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Keeping Score

By Cindy Luis

Wednesday, June 28, 2000

‘MNF’ should take
a cue from soccer

MONDAY Night Football" dropped the ball big time on this one. Dennis Miller as a host? Gimme a break.

It's as poor of a choice as when someone decided Phyllis George should be part of the CBS studio show back in the 1970s.

I can remember screaming at the TV set back then. Not just because I wanted her job -- and believe me, I did -- but also because she was giving knowledgeable female football fans a bad image.

Miss America 1971 may have represented "your ideal'' of what a woman should be (at least according to the pageant's theme song) but she also represented the stereotype. The "I-am-woman, hear-me-bore-you-with-stupid-questions-about-football'' stereotype.

Even the newspaper reports of the time spoke of how George was surprised when she won the swimsuit competition because "the young miss thought her body too muscular from her many years of cheerleading.''

But enough about that.

If MNF (Miller's Not Funny) is serious about regaining fans, the network officials should tune in to FoxSportsWorld. The international channel is broadcasting Euro 2000 soccer matches, where the sport is the star of the show, not the broadcasters.

It is so enjoyable to be able to simply watch an event without wild charts and graphics, music lead-ins and fast-food tie-ins.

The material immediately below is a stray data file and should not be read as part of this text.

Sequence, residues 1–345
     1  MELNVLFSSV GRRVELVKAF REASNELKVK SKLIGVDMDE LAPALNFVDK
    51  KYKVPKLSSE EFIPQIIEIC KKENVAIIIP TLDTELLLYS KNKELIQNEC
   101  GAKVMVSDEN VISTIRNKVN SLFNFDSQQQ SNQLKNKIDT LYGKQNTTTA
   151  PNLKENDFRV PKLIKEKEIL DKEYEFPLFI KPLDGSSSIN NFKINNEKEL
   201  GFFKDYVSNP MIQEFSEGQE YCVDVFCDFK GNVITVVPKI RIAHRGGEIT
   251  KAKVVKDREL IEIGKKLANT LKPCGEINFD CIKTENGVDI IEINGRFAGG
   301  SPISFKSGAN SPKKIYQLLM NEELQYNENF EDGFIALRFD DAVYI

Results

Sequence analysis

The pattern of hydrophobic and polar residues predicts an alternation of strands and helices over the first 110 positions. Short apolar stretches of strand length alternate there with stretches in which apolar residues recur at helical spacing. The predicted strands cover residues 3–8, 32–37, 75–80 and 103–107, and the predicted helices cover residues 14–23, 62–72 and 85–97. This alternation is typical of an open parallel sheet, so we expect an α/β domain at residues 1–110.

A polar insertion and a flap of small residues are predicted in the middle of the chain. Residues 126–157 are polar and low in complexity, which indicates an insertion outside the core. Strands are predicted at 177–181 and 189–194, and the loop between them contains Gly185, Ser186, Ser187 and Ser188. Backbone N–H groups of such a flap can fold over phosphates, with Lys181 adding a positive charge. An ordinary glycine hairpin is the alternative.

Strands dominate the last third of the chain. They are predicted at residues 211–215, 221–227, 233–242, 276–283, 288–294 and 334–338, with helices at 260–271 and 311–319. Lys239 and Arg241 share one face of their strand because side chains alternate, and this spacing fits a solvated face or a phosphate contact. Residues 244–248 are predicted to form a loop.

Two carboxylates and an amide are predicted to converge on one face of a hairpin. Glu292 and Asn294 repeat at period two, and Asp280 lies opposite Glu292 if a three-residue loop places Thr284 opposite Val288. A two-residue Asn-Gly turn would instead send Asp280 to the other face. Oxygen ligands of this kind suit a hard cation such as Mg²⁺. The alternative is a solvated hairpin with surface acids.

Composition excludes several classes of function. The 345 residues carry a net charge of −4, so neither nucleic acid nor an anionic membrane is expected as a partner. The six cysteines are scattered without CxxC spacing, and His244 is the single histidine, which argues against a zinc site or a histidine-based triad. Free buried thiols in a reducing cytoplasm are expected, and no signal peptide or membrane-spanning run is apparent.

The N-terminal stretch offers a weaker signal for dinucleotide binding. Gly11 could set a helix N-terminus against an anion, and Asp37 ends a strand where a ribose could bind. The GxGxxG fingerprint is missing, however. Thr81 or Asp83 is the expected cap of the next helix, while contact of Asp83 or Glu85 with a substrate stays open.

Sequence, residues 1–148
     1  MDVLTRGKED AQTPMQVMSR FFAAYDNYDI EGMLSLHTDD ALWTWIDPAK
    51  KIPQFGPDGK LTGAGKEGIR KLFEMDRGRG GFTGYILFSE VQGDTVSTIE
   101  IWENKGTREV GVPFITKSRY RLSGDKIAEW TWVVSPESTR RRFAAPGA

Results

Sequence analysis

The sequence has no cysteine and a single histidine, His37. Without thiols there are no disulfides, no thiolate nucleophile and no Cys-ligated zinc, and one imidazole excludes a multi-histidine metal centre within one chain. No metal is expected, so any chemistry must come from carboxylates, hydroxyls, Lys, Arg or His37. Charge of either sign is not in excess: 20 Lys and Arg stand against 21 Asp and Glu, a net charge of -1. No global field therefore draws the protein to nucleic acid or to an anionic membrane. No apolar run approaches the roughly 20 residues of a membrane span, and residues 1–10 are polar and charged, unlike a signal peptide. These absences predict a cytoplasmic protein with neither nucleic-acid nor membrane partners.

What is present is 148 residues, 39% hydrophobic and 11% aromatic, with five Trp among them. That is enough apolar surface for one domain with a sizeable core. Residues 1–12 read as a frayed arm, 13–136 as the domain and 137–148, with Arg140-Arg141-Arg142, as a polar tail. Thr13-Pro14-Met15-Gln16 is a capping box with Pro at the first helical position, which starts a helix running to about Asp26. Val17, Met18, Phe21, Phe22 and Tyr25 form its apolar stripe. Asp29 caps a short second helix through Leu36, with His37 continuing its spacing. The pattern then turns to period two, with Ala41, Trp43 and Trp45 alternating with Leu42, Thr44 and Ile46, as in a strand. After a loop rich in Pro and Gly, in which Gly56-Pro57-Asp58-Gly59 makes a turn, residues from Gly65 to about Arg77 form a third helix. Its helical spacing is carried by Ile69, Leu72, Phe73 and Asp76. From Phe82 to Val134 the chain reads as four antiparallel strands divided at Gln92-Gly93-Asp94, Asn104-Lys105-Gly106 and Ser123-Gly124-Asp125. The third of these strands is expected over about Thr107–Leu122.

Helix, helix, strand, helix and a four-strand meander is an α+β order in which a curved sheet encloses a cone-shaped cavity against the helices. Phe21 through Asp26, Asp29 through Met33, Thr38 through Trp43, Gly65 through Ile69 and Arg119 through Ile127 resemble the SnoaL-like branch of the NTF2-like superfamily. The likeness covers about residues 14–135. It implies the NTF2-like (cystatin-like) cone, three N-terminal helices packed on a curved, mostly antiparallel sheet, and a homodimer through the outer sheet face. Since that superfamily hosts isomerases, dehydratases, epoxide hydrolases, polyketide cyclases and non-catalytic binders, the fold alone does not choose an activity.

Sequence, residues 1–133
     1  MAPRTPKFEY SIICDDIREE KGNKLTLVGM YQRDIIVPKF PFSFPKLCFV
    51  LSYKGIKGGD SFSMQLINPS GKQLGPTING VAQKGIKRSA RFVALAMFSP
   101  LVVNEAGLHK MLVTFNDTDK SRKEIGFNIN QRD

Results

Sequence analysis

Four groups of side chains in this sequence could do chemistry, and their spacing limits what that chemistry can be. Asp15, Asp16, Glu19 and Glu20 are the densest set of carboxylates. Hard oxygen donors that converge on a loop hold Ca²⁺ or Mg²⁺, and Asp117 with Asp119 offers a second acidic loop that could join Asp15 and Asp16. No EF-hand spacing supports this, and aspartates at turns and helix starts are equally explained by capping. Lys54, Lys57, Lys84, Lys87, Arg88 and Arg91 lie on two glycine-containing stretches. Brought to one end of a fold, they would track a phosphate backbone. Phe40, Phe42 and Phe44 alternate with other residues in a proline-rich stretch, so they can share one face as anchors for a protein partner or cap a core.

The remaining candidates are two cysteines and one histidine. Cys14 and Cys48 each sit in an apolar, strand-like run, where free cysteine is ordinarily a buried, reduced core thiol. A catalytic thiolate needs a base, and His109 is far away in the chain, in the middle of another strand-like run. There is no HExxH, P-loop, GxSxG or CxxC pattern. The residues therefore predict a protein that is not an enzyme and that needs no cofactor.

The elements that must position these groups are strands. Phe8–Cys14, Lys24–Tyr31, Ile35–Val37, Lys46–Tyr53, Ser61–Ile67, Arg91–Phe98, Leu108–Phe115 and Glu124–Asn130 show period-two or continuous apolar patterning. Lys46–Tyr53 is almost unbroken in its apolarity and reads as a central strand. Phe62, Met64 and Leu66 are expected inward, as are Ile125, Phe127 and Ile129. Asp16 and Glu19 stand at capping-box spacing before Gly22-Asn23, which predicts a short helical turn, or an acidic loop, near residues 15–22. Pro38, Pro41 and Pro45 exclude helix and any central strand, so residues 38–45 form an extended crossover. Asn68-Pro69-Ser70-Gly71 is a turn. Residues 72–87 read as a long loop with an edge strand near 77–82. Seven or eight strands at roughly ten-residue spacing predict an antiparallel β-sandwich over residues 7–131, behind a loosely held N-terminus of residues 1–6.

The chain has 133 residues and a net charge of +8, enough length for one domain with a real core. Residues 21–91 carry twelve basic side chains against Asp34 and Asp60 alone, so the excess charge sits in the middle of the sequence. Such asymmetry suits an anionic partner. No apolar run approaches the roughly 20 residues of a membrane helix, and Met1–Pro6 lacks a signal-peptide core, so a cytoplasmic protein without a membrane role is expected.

There is no panning of the stands by dozens of cameras to see what celebrities are in attendance.

There are no insipid interviews with stars concerning their shows that just happen to follow "right after'' the game or guests on that particular network's morning show the next day.

MAYBE I'm in the minority, but there are times when muting the sound during an NFL game is better than any option play Steve Young could have called.

What is most enjoyable about the international broadcasts is the straightforward discussion of the game.

There are no X's and O's dancing around blackboard diagrams from John Madden. Just soccer, plain and simple.

The European broadcasters are not intrusive, not trying to be part of the game -- or worse -- bigger than it. Except for the beginning of the match, their faces are never on the screen.

Viewers only know who they are by the names next to the microphone logo that pops up occasionally.

Viewers are entertained by the action on the field, not by the antics in the broadcast booth or the studio.

But perhaps U.S. network honchos don't think their audiences can think for themselves, that we need all the spiffy high-tech computer animations to explain what the 20 different camera angles might have missed.

Or that, heaven forbid, we might think of changing the channel because we don't like the music of Hank Williams Jr.

Do we watch a Mike Tyson fight for his boxing skills or in hopes of seeing some outrageous behavior? Do we watch Dennis Rodman for his rebounding or who he might duke it out with?

WWF, RollerJam, Xtreme Games, XFL: Maybe my age is showing, but what happened to real sports?

Do we really need a three-hour pre-draft show for the NFL? How necessary are the commercials telling NBA draft hopefuls how to act when their names are called today?

The lines have become blurred when it comes to athletics and entertainment.

It would be nice if someone would get out the white chalk and redraw them.

Cindy Luis is Star-Bulletin sports editor.
Her column appears weekly.

E-mail to Sports Editor

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